The business has to truly support no retaliation for this to work, though.

  9. fposte*

    I’m not really familiar with this kind of HR. In what ways could a person in this position minimize the impact of the boss’s anger on the employee? Does it require the HR person to have greater authority than the manager? I can see being able to ensure that the person won’t be fired or penalized via promotion or salary growth, but can an HR person successfully coach and curb a manager in such a situation?

    Might be more of an Evil HR Lady question, but hey, here’s where it came up.

    1. BRR*

      And even if HR is responsible for taking on this role, it requires a good HR person. Sucky people aren’t confined to certain departments, in my experience they’re everywhere.

    2. Ask a Manager* Post author

      I think if HR has a mandate from the employer to ensure that employees are able to raise reasonable concerns without retaliation, the company as a whole can make that part of their culture and make it clear to managers, and then HR can have a role in carrying that out. But it can’t just be HR doing that; it really has to come from the top of the company and have buy-in beyond just HR.

      1. fposte*

        And it sounds upthread like you’d schedule periodic communication/meetings with both the manager and the employees (not necessarily together)–is that right? I’m just trying to get an idea of the concrete actions that get taken.

        1. Ask a Manager* Post author

          Definitely not together — they were totally intimidated by him and wouldn’t have spoken freely with him there. But yes, lots of informal checking in about how things were going, if they felt they’d been targeted in any way for talking with me, etc. And lots of very direct feedback to the manager about how he’d been handling things, and a higher level of scrutiny afterwards.

      2. Cajun2core*

        You hit it on the head here. It does have to come from higher up. Also you said previously that only sometimes bad bosses’ behavior changes or the bad bosses are moved. If a person’s job is on the line, do you really think they are going to take that risk if the outcome is so low?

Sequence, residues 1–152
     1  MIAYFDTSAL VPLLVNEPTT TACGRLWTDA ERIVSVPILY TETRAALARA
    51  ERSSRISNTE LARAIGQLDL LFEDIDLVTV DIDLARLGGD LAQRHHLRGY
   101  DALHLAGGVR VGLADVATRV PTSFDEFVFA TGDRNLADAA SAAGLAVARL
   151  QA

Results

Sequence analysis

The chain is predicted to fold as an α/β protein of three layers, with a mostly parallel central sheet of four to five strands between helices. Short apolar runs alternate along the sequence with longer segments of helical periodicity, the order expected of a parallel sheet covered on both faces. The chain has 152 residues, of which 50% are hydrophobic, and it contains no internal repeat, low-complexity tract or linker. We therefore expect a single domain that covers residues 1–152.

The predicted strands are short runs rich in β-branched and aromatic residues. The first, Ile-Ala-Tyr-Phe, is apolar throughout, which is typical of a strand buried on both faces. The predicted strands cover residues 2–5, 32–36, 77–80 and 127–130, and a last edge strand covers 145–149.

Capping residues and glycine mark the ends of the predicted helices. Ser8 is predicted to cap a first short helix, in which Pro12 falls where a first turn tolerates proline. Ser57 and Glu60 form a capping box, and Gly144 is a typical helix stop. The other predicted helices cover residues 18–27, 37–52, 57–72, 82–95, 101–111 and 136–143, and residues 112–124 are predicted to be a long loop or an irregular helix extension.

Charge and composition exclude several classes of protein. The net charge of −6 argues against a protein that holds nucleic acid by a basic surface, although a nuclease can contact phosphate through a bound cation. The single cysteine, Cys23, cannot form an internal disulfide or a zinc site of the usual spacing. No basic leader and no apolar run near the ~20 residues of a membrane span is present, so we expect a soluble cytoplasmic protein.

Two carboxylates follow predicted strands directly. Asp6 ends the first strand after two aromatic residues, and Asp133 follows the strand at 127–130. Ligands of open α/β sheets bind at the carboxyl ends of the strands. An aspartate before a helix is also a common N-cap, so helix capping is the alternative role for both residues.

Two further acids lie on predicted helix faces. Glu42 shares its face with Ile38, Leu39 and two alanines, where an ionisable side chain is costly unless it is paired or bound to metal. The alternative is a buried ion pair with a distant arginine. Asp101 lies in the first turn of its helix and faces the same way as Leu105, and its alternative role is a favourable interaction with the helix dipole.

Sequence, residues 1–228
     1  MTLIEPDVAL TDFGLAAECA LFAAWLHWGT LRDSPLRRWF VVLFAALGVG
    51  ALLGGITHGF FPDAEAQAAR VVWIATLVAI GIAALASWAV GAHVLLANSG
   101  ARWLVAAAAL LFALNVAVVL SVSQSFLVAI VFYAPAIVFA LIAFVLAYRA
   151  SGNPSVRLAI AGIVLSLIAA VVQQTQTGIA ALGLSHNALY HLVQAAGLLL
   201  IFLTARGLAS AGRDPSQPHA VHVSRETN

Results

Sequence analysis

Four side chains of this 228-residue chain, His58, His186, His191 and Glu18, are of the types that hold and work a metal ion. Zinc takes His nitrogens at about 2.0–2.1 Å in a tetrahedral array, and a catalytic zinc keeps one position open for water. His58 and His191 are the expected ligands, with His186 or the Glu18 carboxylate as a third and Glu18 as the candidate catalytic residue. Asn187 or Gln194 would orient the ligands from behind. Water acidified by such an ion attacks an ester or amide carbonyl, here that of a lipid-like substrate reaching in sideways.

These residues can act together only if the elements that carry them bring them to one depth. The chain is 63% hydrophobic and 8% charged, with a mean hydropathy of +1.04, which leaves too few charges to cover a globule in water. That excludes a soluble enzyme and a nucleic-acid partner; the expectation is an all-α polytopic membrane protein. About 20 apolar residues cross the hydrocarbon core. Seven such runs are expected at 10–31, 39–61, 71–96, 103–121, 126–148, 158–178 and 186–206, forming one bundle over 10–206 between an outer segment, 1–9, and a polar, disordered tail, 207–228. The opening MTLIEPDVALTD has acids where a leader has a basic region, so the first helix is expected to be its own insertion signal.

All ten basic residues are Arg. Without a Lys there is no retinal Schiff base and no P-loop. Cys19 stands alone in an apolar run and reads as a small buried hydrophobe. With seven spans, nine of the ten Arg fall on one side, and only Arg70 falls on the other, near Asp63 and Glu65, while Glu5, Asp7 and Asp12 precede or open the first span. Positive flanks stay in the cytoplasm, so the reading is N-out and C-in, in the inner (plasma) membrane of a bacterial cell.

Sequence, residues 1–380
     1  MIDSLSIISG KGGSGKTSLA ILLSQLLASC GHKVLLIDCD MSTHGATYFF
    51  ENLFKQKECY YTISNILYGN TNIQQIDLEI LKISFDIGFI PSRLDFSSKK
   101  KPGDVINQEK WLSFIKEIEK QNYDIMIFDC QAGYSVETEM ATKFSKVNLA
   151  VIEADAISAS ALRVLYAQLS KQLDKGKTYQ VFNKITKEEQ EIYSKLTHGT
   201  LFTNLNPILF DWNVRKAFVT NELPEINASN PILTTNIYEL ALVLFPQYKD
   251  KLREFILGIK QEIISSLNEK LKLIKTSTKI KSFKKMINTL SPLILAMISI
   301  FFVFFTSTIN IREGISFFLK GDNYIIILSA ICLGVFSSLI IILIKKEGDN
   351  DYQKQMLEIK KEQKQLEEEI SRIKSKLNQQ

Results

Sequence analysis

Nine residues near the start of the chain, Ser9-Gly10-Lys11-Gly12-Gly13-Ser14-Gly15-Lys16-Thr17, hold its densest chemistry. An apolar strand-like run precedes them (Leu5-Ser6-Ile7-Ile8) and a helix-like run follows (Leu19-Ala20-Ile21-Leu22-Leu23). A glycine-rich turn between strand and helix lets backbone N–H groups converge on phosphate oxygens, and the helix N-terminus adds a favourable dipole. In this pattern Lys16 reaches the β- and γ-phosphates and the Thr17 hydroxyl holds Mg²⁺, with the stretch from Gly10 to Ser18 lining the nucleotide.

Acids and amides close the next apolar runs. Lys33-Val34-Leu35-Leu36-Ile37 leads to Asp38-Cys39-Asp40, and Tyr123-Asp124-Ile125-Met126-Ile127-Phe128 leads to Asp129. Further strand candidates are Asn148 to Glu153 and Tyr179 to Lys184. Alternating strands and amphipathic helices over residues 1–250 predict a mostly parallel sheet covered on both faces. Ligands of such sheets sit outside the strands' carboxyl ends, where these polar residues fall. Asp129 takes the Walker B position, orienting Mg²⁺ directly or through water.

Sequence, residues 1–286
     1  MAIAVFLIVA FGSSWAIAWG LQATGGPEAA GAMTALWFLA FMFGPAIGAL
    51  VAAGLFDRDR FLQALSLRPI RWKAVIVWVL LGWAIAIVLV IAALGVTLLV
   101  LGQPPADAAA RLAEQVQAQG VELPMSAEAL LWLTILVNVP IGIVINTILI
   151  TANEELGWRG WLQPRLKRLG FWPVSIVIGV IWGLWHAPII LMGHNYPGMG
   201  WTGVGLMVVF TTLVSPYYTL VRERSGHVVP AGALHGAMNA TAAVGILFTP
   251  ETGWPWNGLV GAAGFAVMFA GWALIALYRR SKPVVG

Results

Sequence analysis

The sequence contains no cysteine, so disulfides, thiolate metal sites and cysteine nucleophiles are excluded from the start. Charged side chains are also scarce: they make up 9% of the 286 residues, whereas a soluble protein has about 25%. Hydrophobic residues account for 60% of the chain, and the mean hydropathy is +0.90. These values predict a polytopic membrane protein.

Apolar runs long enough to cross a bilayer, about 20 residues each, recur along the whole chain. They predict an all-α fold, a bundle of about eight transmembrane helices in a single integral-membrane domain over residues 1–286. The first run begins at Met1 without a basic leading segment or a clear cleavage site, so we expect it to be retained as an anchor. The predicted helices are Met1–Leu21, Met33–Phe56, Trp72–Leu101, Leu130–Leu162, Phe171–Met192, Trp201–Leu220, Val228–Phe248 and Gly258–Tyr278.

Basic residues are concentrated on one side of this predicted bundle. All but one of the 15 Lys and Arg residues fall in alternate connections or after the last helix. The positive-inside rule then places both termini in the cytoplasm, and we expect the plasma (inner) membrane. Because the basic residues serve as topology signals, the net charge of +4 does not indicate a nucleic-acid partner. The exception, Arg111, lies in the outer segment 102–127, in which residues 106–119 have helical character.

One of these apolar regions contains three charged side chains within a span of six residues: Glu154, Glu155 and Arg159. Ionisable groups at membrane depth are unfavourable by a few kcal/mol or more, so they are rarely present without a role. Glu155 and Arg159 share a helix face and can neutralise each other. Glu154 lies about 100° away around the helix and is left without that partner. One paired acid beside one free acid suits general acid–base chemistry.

10. Ad Astra*

    I am increasingly confused about how a good HR department is supposed to function. At my first job, HR was just The Payroll Guy, and I only talked to him when I needed to change my address for paperwork. At my second job, HR was located in another city, but encouraged me to contact her for advice about how to handle conflicts with my manager. Maybe this third job will be just right?

    1. Three Thousand*

      A lot of very small companies will combine HR, payroll, and accounting into one department or position.

      1. Ad Astra*

        Yeah, my past experience was at fairly small newspapers that were part of a larger media company. My current company has an HR department that includes payroll, recruiting, and training, and it blows my mind a little.

    2. Adonday Veeah*

      For an HR department to be “good” it needs the backing, respect and support of good management. Without that, HR cannot be anything other than the Payroll/Benefits Guy.

      Having said that, there are a lot of crappy HR professionals out there who make it tough for the rest of us.

      Yep, that sound you heard was my own horn tooting. And my management is exceptional.

    3. HM in Atlanta*

      In general – Think of the Human Resources function kind of like you might think about the Finance function. The Finance department is about managing the company’s money. Under that definition of Finance you would also have things like Accounting that does things like receivables, payable, inventory, fixed assets, internal reporting, and sometimes even the payroll processing. You might also have separate departments that focus on audit, external reporting, investment governance, SOX, cash management, ROI, or other topics.

      The HR function is all about managing the human capital. Just like with Finance, HR can vary wildly depending on the size of they organization and how the owners/leaders view the importance of that human capital. Since we are all that Human Capital, we feel it much more personally when leadership/HR is poor (much more so than we would even notice if the Finance leadership was poor – apart from paychecks bouncing).

      When you see a company that has poor leadership and poor HR, you see a company that doesn’t put value in human capital. When you see a company that has effective leadership and effective HR, that company understands why you want to have strong performers and hold on to those strong performers (that company understands how much it costs in real dollars when you don’t have that).

  11. Bend & Snap*